Test specimens of coarse graded asphalt concrete according to Superpave specification, with a maximum aggregate size of 25 mm, were prepared. A crushed basalt aggregate from Holbrook, Arizona was used in all mixtures. The measured particle size distribution of the aggregate used is shown in Fig. 1. The Marshall mix design method was used and the optimal bitumen content was estimated as 5.0% by weight. In order to determine the effect of bitumen content variation, as well as optimal bitumen content, a maximum bitumen film thickness was chosen based on the Iowa Department of Transportation (IDOT) specification.17 The bitumen content was then estimated to 5.6% for maximum film thickness. Based on producer’s recommendations, the mixing and compaction temperatures used for the mixtures containing polymer modified bitumen were 145 ºC and 135ºC, respectively. For mixtures containing unmodified bitumen, mixing and compaction temperatures were decreased by 5ºC. To obtain homogeneous mixtures, cellulose or synthetic fibers were added to the heated aggregate and mixed for 60 s. Aggregate, fiber and bitumen were then mixed in a bucket mixer for 2.5 min. After mixing, the loose mixture was subjected to short term aging in a forced oven for 4 h at 135ºC. This treatment is recommended for simulating short term aging occurring in the field between mixing and

placement.18 Beams (150 mm thick, 150 mm wide and 400 mm long) were compacted using a California kneading compactor. Finally, four TSRST specimens (50 mm × 50 mm × 250 mm) were obtained from a large beam sample. Some of the TSRST specimens were subjected to long term oven aging (LTOA) in a forced oven at 85ºC for 5 and 25 days in order to investigate the effect of aging. The TSRST specimens were wrapped in a metal screen and bedded on coarse sand to prevent deformations and to allow air access underneath the specimens during the aging procedure. Specimens were turned once every day during LTOA. Consequently, two asphalt binder contents (5.0 and 5.6%), four types of additives (unmodified binder, cellulose fiber, polymer modified binder, and synthetic fiber) and three aging levels (0, 5 and 25 days) were assigned. The target air void content was chosen as 4%.19 Test Method Thermal stress restrained specimen test

The low temperature properties of asphalt mixtures are evaluated using the thermal stress restrained specimen test (TSRST). For the TSRST equipment used in this study, the main parts are environmental chamber, load frame, screw jack, cooling device, temperature controller and data acquisition and control system. The test specimen is glued to two aluminum end platens with epoxy. Before performing the test, the specimen was kept for one hour at approximately 2ºC in the environmental chamber to ensure that the inside temperature of the specimen is the same as the temperature of the environmental chamber. A cooling rate of 10ºC/h was used. The contraction of the specimen during the cooling process was measured using two linear variable differential transducers (LVDT). When the thermally induced stress in the specimen exceeded its strength, fracture occurred and the test was completed. Method of Analysis The GLM and ANN were used to compare experimental results of the fracture temperature and the fracture strength. General linear model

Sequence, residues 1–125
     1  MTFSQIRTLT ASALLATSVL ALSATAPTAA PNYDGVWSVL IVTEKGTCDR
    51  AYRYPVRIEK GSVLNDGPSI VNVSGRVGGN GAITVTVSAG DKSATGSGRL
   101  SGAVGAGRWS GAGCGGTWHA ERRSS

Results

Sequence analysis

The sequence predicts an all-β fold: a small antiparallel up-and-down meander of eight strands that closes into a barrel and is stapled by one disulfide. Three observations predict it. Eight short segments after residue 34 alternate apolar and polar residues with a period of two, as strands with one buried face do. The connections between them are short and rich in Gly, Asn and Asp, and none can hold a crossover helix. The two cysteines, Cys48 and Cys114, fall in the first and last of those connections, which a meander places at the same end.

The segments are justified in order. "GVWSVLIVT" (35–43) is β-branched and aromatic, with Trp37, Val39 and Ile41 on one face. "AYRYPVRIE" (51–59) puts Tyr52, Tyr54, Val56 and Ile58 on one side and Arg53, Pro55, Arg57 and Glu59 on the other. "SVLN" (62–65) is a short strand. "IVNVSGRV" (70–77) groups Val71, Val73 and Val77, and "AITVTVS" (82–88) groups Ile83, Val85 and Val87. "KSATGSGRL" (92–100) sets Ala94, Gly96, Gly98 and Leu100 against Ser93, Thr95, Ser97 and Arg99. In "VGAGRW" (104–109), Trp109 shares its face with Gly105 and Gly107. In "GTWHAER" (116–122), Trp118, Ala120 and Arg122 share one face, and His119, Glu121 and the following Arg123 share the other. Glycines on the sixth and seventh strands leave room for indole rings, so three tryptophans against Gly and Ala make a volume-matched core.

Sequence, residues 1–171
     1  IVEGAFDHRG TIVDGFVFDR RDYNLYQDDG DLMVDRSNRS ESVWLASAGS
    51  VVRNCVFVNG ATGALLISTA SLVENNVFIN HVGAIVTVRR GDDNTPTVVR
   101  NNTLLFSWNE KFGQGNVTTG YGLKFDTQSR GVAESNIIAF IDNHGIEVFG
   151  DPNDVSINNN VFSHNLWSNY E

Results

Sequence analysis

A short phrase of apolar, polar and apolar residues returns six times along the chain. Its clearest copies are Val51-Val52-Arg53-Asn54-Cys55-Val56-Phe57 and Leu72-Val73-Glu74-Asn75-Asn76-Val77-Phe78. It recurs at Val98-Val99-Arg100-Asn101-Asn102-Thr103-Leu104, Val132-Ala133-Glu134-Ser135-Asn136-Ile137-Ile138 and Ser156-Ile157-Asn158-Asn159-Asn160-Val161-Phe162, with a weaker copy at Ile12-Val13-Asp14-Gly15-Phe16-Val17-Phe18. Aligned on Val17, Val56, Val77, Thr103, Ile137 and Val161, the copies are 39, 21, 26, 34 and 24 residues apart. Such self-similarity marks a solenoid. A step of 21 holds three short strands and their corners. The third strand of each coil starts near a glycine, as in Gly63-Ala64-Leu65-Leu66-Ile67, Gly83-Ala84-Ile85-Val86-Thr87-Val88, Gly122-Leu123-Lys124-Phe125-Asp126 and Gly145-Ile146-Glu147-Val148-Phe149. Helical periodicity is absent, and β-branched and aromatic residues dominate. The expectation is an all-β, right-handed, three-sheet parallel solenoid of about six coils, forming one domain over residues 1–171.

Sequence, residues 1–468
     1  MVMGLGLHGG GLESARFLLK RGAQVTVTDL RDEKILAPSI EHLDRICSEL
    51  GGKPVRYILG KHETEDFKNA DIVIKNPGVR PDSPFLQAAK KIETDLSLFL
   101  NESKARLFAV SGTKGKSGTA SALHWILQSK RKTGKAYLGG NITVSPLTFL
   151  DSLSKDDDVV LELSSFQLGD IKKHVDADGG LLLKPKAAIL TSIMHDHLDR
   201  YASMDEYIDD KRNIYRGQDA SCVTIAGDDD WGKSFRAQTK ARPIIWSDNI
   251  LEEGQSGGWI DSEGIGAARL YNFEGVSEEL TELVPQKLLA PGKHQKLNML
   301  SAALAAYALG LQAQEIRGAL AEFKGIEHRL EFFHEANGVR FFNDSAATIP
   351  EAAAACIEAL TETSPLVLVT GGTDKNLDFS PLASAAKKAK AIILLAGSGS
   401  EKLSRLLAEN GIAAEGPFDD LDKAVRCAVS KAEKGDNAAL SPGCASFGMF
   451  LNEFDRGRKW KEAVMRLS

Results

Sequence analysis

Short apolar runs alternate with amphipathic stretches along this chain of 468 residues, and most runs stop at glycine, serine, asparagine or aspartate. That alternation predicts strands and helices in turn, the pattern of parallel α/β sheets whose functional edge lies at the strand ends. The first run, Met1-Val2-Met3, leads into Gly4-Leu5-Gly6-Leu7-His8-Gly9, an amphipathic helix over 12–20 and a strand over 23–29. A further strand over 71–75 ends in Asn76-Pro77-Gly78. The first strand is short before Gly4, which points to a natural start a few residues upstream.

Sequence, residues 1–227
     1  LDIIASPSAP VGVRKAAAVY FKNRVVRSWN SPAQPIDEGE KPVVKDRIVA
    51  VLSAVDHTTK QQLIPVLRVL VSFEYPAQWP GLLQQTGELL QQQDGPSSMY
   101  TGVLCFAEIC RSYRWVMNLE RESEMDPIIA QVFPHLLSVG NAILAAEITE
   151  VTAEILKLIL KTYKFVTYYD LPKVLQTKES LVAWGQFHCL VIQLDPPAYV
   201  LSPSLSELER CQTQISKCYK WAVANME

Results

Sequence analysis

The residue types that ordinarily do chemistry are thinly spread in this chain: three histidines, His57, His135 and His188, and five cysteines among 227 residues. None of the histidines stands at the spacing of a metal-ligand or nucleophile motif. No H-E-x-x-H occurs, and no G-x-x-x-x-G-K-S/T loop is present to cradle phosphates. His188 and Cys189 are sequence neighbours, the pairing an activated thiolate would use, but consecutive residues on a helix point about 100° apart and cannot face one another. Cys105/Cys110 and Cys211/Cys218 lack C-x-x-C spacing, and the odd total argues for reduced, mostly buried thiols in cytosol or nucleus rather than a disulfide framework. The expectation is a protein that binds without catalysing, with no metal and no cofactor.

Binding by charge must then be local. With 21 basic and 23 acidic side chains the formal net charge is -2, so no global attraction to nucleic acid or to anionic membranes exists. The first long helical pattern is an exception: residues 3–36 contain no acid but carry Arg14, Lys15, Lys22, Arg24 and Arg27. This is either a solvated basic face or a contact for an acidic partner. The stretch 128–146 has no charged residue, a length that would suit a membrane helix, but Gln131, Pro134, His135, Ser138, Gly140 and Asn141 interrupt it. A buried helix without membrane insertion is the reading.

Fig. 1–Gradation of the aggregate used

Statistical analysis of covariance was performed using a GLM procedure on the TSRST results at a significance level of 0.05 using statistical analysis system (SAS) software package.20 Analysis of

TASDEMIR: MODIFIED ASPHALT MIXTURES

covariance combines some of the features of both regression and analysis of variance. Artificial neural networks

The ANN modeling approach is a computer based methodology that attempts to simulate some important features of the human nervous system; in other words, the ability to solve problems by applying information gained from past experience to new problems or case scenarios. Analogous to a human brain, ANN uses many simple computational elements, named artificial neurons, connected by variable weights.21 The ANN modeling consists of two steps: to train and to test the network. During the training stage the network uses the inductive-learning principle to learn from a set of examples called the training set. Test data is not used in training. Among the much different architecture, the multi-layer perceptron architecture is commonly used for prediction.22 Multi-layer perceptrons (MLP) The network consists of layers of parallel processing elements with each layer being fully connected to the proceeding layer by interconnection strengths, or weights (W).21 A multilayer feed forward network consists of an input layer, one or more hidden layers, and an output layer. The MLP can have more than one hidden layer; however, theoretical works have shown that a single hidden layer is sufficient for the ANN to approximate any complex nonlinear function.23,24 Therefore, in this study, a one-hidden-layer MLP is used as shown in Fig. 2.